Loney, Dear
Loney, Noir
(Sub Pop)

By: Brandon Forbes

Being born in the hometown of the Cardigans brings a certain level of intimidation for any aspiring Swedish rock musician. Good thing Loney, Dear mastermind Nils-Emil Svanangen rose to the challenge of his birth locale. Trained in both classical and jazz while growing up, Emil kept his ear open to Kraftwerk and Brian Eno and grew into an apartment-based songwriting style that gradually incorporated a vast swath of instrumentation, pushing the bounds of soulful folk experimentation. After selling thousands of CD-Rs, including Loney, Noir, which was self-released in 2005 in Europe, Emil finally caught the attention of Sub Pop, who has just re-released Noir stateside. Combining warm tones, jazzy instrumentation, and a troubadour vocal delivery that at times recalls fellow European crooners Sondre Lerche, Travis’ Francis Healey, and occasionally even Sigur Ros’ Jon Thor Birgisson, Loney, Noir offers an intimate look at a songwriter caught between genres, but unafraid of his predicament.

As the album unfolds, Emil pleads his case for a “state of hope” in the solo acoustic to enveloped orchestra movement of opener “Sinister in a State of Hope”. Deserving single “I Am John” lets warm tones, xylophone notes, and dueling horns and clarinets ride gritty guitar and organic percussion so Emil’s soft vocals can mesh with high-end harmonizing. It’s a mini-orchestrated group pick-me-up – as Emil sings it, he’s “never gonna let you down.” After hearing this song, you believe him. A 1970s soft-rock chorus warms to squeaking low-end bass for some subdued indie pop on “Saturday Waits,” and “Hard Days” strikes a note of resonance with Emil’s American twin, Fifty States heartthrob Sufjan Stevens. Quiet acoustic tones are overcome sporadically by clarinets, flutes, and marching band percussion while Emil emotes about the onrush of tough times in a fast-paced world: “We used to be the fighters here.” Both Radiohead’s “Motion Picture Soundtrack” and “Life in a Glass House” get channeled through “I Am the Odd One,” replete as it is with haunting organ, angelic harmonizing, and bouncing woodwinds. Yet Emil seems more intimate than Yorke here, as the melody is lighter and the vocal delivery is not as other-worldly. While Emil certainly has musical confidence in himself, his lyrics on Noir often betray a self-effacing tendency that reappears frequently. True to form, and despite its defeatist subject matter, “No One Can Win” benefits from a beautiful clarinet hook that interweaves with Emil’s uplifting vocals until it makes the group chorus soar. You can almost see Emil’s downcast eyes, though, through the soft, staccato strings which drive the waltzy rhythm of “The Meter Marks OK,” allowing him to harmonize the meter of loss in triplicate: “You slip away, you slip away, you slip away.”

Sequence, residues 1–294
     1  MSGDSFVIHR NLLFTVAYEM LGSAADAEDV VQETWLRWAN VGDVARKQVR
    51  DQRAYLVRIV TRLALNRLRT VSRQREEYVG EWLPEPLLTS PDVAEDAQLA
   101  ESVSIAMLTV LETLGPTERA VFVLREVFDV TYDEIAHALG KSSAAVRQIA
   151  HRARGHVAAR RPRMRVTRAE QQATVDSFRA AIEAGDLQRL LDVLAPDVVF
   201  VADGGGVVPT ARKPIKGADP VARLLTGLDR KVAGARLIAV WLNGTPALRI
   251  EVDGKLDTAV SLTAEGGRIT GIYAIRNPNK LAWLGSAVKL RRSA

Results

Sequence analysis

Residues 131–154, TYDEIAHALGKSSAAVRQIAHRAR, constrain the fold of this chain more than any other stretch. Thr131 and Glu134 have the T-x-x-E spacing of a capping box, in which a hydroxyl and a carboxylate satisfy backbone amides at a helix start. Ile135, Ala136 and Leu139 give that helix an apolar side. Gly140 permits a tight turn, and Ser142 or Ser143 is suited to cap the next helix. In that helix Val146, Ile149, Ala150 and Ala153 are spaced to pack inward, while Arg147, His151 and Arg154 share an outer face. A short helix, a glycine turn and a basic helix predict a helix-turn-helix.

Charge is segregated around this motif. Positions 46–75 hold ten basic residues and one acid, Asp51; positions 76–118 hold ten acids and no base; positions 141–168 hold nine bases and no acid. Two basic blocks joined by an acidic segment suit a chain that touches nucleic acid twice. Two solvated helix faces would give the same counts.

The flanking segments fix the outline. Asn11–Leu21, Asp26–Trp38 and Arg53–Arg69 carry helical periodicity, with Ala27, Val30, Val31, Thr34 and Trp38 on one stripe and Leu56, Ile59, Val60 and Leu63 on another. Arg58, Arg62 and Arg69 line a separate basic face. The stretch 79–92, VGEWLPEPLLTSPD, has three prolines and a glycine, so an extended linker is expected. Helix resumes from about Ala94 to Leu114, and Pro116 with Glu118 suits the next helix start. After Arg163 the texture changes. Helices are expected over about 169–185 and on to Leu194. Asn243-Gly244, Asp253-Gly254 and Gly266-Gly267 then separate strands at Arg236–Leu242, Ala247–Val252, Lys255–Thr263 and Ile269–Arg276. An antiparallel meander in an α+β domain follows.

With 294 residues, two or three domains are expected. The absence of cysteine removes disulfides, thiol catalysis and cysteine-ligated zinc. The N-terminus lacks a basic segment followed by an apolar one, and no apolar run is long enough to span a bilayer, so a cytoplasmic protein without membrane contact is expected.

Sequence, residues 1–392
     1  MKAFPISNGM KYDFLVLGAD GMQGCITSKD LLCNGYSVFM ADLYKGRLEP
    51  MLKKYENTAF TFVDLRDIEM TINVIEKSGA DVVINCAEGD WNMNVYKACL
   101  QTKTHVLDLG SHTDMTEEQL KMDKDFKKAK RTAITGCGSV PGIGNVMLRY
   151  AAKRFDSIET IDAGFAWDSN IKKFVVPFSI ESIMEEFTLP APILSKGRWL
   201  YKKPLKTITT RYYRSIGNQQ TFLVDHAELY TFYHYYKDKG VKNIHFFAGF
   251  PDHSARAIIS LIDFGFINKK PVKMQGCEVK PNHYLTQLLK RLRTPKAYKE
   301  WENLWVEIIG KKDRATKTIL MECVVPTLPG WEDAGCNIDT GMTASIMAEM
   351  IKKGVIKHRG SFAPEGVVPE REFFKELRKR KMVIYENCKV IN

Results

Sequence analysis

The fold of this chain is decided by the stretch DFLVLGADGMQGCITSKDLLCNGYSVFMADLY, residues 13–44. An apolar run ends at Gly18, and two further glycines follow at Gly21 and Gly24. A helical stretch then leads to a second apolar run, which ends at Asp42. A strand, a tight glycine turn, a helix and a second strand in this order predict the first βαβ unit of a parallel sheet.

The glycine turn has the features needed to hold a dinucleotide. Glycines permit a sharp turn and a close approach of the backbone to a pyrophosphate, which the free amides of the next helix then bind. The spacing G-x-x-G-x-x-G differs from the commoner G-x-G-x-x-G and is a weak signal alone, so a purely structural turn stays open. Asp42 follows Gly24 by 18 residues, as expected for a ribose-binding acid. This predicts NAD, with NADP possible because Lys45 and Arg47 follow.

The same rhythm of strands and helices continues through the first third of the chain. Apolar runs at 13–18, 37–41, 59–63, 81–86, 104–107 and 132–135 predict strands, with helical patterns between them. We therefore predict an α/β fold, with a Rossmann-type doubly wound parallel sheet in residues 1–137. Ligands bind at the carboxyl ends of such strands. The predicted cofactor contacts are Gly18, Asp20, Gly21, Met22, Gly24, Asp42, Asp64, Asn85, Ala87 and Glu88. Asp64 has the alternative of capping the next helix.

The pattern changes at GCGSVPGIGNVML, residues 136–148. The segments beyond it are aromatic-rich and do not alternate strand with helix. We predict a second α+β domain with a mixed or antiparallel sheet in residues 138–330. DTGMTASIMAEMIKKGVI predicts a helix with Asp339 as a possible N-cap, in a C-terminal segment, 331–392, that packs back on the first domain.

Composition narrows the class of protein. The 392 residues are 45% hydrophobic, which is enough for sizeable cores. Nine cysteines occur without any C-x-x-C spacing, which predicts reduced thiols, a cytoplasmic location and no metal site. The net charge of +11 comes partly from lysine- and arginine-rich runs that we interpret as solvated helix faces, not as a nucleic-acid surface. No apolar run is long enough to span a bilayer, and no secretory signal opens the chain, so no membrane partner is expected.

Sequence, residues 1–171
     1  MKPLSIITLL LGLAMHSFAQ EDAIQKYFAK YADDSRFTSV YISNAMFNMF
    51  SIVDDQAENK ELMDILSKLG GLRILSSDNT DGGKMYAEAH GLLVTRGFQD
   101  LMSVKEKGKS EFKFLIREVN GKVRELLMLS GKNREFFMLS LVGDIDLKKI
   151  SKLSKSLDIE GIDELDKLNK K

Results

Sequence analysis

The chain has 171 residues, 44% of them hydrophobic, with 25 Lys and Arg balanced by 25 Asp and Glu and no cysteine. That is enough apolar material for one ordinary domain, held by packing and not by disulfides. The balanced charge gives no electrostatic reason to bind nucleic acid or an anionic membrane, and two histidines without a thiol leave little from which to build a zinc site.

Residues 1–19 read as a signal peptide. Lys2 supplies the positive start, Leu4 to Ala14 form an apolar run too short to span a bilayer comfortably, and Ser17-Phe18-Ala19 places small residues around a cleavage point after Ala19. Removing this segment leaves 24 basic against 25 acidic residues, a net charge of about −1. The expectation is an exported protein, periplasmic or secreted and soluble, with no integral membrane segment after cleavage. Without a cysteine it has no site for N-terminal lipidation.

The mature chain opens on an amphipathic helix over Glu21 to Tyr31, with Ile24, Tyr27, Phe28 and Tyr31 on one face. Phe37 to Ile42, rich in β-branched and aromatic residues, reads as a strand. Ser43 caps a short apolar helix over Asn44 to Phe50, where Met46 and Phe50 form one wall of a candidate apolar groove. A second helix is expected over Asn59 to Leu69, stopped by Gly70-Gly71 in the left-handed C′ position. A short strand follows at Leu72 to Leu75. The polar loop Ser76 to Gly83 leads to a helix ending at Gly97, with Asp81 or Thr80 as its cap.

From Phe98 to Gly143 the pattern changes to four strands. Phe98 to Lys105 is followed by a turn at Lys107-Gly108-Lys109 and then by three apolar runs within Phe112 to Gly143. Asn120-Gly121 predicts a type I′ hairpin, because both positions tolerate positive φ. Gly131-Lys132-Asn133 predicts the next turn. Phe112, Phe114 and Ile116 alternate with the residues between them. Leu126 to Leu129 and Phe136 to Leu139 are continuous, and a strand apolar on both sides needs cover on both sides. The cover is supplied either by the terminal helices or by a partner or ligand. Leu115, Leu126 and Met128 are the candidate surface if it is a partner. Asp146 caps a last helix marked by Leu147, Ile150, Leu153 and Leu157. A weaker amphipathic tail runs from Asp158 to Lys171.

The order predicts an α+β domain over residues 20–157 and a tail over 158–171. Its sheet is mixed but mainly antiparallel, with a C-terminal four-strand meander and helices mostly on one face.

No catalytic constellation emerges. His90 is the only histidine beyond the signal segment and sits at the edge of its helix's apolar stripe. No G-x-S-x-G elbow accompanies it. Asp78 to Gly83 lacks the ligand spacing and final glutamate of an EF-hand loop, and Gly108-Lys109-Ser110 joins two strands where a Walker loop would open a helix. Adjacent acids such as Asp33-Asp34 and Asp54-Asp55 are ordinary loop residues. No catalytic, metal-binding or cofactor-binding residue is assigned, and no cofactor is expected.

Overall the record has a very breezy, organic folk feel, though some synthetic elements do appear. The Nintendo key plunks and drum fills that serve as foundation for the brief “I Will Call You Lover Again,” and the driving guitar and drum current of “Carrying a Stone” seems to be carried by a faint electronic pulse. But the latter overcomes its programmed feel as it builds beautifully, vocals, percussion, and horns swelling into a layered, yet restrained, finale. But direct programming returns in closer “And I Won’t Cause Anything At All” which, though probably the least distinct of the record’s tracks, does counter the synthetic beats with Emil’s trademark falsetto peaks and acoustic picking.

There’s a moment in “I Am the Odd One” where Emil’s lyrical confession is echoed by quiet whistling that is simultaneously intimate and congenial. It’s a telling slice of Emil’s earnest approach to song craft, an approach that covers both his lyrical and compositional writing. It’s a refreshing approach that brings together folk, classical, jazz and rock elements with an endearing quirkiness. Loney, Noir offers a perfect intro to an original voice that, heard now for the first time in the States, is full of promise for the future.







All opinions expressed by Brandon Forbes are solely his own and do not reflect the opinions of Stay Thirsty Media, Inc.